has reached the end-of-life and is now read-only. Please see the EOL announcement for details

First off, we're going to start with Miles Davis' Jack Johnson.

IMO, this is the best rock album to come out of the psychedelic era.

It's two tracks, roughly an hour total. You can listen to it here:

Pay attention to the fact that you don't hear a trumpet (and therefore, you don't here Miles) until two minutes and twenty seconds in to the track, and just before Miles comes in (right at the two minute mark) all the music dies down, and almost stops completely. (More to come.)

If you've never listened to any Jazz-Rock fusion stuff, or anything from Miles in the 70s. You're in for an absolute treat.

Before recording this album, Davis said he was putting together "The Greatest Rock and Roll band you've ever heard of."

Listen to the album, and I think you'll agree that he damn near succeeded.

So, Miles doesn't show up until two minutes in to the first track. What gives, right?

He wasn't in the studio yet. He was running late. This was day one, take one, and John McLaughlin was just dicking around in the studio. The engineer was recording, because when Jazz musicians are in the studio the engineers were always recording, lest they miss something.

He got some other musicians involved, and they continued to dick around.

Miles shows up, and everyone slows down, preparing to stop dicking around and record some real music.

Instead, Miles urges them to continue.

He picks up his trumpet, and jumps in to the middle of this impromptu jam, and turns it in to what is widely recognized as the landmark album of the Jazz-Fusion movement.

Some people call it the greatest rock album of all time.

I wouldn't go that far, but for what it actually is, it's astounding.

Keep in mind, though, this is the same Miles Davis who, in 1987, was invited to dinner with the Reagans. When Nancy Regan asked him what he'd done to merit being included in the dinner, he looked at her with a straight face and said "Well, I've changed the course of music five or six times. What have you done except fuck the president?"

So, while they were recording Jack Johnson (which was used as a soundtrack to a film about the boxer of the same name, and has nothing to do with acoustic bro rock.) they recorded something like 20 hours worth of material.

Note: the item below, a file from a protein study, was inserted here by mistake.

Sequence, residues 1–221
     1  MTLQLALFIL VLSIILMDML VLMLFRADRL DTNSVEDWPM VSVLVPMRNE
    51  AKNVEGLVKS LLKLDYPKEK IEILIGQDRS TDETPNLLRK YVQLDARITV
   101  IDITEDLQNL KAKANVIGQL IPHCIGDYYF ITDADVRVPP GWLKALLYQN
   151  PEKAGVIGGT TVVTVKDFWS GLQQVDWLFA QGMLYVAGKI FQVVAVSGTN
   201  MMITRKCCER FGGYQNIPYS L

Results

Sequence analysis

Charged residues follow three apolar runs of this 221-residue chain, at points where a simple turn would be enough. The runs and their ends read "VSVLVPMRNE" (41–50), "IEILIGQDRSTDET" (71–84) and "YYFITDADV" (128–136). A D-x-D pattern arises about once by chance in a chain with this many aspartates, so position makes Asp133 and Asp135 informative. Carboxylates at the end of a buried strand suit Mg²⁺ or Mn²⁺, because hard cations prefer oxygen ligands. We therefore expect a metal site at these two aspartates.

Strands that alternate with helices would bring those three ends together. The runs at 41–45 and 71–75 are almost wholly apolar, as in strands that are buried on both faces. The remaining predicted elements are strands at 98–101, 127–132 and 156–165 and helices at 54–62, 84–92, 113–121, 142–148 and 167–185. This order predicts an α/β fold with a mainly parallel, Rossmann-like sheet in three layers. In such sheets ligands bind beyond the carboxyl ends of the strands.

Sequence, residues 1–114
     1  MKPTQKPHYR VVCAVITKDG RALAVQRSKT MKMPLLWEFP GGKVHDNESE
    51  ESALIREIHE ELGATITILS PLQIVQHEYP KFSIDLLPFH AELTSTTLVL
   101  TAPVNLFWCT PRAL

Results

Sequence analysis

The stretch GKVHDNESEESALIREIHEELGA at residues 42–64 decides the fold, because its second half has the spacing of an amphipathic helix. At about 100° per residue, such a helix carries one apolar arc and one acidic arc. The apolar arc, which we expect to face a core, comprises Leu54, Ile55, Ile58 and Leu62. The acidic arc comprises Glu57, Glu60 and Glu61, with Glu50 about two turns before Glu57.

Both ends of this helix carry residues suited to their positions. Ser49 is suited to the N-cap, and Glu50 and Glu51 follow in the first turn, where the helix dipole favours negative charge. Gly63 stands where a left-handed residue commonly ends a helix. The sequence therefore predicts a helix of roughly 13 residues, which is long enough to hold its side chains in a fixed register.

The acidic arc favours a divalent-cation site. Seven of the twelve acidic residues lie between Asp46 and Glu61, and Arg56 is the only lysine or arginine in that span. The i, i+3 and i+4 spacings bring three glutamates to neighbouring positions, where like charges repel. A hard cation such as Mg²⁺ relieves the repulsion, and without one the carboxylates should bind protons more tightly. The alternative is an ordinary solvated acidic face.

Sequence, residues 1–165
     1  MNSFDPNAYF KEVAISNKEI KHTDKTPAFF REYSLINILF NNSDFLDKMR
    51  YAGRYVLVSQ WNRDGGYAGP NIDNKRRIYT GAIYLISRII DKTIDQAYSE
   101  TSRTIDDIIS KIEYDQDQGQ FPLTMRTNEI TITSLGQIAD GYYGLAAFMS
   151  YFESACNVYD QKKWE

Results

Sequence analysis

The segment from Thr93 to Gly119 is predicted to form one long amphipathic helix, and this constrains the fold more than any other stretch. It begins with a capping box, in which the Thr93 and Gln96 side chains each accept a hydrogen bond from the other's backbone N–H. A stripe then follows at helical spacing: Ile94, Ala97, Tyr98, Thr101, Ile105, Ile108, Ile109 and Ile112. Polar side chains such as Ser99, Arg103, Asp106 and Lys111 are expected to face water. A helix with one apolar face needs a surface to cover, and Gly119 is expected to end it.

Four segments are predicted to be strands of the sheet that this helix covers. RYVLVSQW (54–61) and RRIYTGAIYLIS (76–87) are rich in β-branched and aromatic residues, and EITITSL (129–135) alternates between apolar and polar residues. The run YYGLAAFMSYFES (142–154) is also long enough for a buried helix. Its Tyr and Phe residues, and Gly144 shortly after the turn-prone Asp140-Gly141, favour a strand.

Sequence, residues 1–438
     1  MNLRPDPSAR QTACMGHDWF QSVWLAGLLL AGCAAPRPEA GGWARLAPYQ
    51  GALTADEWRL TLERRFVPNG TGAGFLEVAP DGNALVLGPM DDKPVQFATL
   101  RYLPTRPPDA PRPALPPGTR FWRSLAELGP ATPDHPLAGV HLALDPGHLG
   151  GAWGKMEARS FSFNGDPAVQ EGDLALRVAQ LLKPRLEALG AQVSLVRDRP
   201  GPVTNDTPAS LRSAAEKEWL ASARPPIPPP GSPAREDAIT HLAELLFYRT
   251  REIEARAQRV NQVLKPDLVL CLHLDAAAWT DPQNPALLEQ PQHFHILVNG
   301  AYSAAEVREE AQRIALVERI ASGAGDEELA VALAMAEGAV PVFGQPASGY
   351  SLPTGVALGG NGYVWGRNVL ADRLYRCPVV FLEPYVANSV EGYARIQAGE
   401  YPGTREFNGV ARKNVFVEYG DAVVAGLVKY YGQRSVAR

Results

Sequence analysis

They kept reworking and re-recording stuff.

There is a record of this in "The Complete Jack Johnson Sessions" because this was 1970, and the studio knew to keep recording when Davis was in the building.

But after all of that, they release day one, take one. They release the fluke.

That kind of serendipity, that's Jazz.

Miles Davis said he was putting together the best Rock Band ever.

And then he decided to back that up. He toured the Jack Johnson and Bitches Brew material. He played The Fillmore in California.

This is the club that was famed as the home of the san fransisco psych scene. The club that launched Janis Joplin's career, and Jefferson airplane, and a dozen other bands.

And he played to a packed fucking house. I think the recording is on youtube. Give a second to go track it down.

Here is Miles Davis at the Filmore West in 1970. I'm linking to the beginning of Yesternow (track two from the Jack Johnson sessions.)

This recording is subpar, and I will probably be tooting a better live Miles performance in a few minutes.

Okay, here's a set from a few days before:

It's a better recording, similar track list.

This is the one that made it in to my personal collection. Miles Davis Fillmore West October 15th 1970.

These session, though, are way more focused on Miles than the recordings would be. There isn't much guitar, because Miles wasn't touring with John McLaughlin.

Let's talk about John McLaughlin.

John McLaughlin is the guitarist on Miles Davis' Jack Johnson, Bitches Brew, In a Silent way, and others.

He was the guitarist behind the Mahavishnu orchestra.

Here he is in 1973, with Carlos Santana, covering John Coltrane's A Love Supreme.

· · Web · 0 · 1 · 1

I think it's fair to say that, without John McLaughlin Jazz would have been a very different world in the 70s and beyond.

Here he is in 1971 with the Mahavishnu Orchestra on their debut album The Inner Mounting Flame:

This is jazz fusion with an emphasis on the fusion.

They draw on many varities of music, and weave a dense tapestry of sound that gives impressions of many, almost conflicting, genres, styles, and ideas.

It's a beautiful record, and one that I spin as often as I can.

When you're done with The Inner Mounting Flame, take a look at Birds of Fire.

This is funkier, and has a more clear rock influence:

Some solid stuff in all of that.

For me, Birds of Fire is a less difficult album. It's more friendly to people who aren't "Jazz People."

The riffing, the improvisation, comes off more like an extended rock jam than like an actual Jazz album. (Granted, it's a highly technical extended rock jam, with some virtuoso performances.)

Sign in to participate in the conversation

the mastodon instance at is retired

see the end-of-life plan for details: